Researchers in the UK stumbled upon a possible cure for baldness and graying during cancer research.

While trying to understand the way tumors form and interact with nerve cells, they discovered a protein called KROX20. The protein is commonly associated with nerve development and is present in skin cells that are programmed to become hair follicles and hair shafts.

These pre-hair follicle cells produce a stem cell factor (SCF) essential for hair growth and pigmentation. In mice studies, deleting this stem cell gene turned mice’ hair white. Deleting the KROX20 protein resulted in an absence of hair growth and eventually, bald mice.

While scientists were aware that KROX20 and SCF were factors in hair growth and pigmentation, they were not fully aware to what extent and the degree of importance.

The newly discovered connections are promising news in the hair loss community, as there is currently no cure for this ailment that effects over 80% of the US men and 50% of US women throughout their lifespan.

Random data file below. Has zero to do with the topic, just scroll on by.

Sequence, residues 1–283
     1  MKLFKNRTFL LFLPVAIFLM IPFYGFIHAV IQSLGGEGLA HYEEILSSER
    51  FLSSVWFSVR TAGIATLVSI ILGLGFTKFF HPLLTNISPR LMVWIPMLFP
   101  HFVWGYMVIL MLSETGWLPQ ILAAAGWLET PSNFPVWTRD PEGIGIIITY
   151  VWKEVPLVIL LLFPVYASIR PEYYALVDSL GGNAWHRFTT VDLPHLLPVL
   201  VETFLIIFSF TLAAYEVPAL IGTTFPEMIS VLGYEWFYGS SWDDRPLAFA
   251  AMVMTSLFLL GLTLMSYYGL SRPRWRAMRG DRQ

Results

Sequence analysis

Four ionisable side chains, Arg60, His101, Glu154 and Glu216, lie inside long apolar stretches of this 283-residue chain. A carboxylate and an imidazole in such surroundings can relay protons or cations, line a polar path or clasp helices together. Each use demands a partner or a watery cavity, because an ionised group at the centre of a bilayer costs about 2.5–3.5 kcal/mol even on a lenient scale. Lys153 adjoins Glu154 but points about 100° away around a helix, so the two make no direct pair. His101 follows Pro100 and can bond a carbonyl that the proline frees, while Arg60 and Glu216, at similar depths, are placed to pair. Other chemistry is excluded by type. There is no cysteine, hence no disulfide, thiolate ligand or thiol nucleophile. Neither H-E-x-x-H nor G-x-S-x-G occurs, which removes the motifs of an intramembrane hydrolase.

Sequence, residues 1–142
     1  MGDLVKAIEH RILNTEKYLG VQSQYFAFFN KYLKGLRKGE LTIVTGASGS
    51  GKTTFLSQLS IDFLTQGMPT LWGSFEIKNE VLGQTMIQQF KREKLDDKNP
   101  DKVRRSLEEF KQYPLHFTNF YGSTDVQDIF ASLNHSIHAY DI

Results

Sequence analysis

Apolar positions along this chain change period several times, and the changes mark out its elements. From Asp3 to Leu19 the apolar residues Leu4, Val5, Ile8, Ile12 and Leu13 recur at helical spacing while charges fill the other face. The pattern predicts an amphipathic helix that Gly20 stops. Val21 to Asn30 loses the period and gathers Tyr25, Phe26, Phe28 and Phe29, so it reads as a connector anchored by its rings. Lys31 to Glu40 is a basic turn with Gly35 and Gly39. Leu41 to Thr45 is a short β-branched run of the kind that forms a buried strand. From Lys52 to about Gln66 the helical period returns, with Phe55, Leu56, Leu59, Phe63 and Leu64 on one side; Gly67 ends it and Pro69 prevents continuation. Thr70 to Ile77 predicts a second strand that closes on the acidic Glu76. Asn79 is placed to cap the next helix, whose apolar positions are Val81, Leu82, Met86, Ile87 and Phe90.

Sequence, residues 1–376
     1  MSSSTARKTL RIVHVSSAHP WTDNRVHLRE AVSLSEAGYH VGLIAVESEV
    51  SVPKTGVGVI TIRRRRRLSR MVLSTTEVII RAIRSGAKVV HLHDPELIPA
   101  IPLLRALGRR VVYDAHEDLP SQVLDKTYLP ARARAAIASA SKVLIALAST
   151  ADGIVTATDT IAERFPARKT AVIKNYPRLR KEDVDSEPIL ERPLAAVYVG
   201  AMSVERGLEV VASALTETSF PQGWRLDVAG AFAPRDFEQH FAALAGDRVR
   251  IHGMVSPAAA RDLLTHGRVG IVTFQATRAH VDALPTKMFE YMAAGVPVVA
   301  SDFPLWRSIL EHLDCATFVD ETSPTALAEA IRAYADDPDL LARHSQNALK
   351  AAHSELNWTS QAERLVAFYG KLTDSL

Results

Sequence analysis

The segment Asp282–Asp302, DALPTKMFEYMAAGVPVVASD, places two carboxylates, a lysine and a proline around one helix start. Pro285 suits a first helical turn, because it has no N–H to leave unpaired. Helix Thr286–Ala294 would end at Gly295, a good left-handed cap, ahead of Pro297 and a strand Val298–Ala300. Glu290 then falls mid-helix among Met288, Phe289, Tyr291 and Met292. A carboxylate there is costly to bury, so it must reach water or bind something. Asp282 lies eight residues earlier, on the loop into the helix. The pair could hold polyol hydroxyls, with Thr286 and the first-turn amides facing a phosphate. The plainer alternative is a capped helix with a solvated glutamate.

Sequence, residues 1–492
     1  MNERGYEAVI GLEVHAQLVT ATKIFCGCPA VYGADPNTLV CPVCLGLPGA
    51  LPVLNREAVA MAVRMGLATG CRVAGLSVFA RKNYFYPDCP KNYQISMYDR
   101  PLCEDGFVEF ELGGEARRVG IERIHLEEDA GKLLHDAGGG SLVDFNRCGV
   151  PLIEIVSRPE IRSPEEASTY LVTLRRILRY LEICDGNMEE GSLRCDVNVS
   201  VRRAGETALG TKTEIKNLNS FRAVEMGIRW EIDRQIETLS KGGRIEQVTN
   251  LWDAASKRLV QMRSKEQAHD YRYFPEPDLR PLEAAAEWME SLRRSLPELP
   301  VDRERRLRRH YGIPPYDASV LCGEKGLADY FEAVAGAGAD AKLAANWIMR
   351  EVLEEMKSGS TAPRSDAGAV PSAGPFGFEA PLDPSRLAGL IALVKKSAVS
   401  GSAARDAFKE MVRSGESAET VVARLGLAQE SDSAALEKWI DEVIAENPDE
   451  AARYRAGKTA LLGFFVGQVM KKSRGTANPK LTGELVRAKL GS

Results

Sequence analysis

Future research will continue and hopefully answer questions regarding the effects of KROX20 and SCF in humans. Further, scientists are hopeful that down the road, the research will offer implications and insight into human aging as a whole.

While the potential KROX20 and SCF cure for baldness and graying is still a ways-away, there are some current scientifically-proven options for those experiencing hair loss. Stem cells have been helpful in reversing recent hair loss and preventing future hair loss through PRP (platelet rich plasma therapy). And laser-light therapy has shown great results in male and female patients alike.

If you’d like to learn more about your up-to-date scientific hair loss options, give us a call for a medical management of hair loss consultation.